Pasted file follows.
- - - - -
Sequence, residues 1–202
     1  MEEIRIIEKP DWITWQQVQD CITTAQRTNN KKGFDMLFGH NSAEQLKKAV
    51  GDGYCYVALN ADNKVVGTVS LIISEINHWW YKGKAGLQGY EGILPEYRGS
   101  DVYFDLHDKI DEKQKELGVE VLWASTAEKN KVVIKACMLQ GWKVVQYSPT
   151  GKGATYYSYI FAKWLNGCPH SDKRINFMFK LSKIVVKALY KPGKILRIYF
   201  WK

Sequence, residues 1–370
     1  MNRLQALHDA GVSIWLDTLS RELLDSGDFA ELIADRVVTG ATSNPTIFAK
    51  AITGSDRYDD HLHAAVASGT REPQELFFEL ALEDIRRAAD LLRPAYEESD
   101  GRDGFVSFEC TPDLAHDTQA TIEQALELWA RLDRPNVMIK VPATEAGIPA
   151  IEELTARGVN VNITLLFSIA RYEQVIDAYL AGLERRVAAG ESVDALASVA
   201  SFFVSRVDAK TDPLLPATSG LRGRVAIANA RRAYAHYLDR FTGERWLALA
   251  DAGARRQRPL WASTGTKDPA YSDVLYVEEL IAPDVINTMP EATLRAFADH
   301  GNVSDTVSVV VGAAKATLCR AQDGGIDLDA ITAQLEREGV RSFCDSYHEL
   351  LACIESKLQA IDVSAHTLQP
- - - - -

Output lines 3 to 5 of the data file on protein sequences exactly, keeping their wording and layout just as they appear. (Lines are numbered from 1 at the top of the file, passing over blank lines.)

    51  GDGYCYVALN ADNKVVGTVS LIISEINHWW YKGKAGLQGY EGILPEYRGS
   101  DVYFDLHDKI DEKQKELGVE VLWASTAEKN KVVIKACMLQ GWKVVQYSPT
   151  GKGATYYSYI FAKWLNGCPH SDKRINFMFK LSKIVVKALY KPGKILRIYF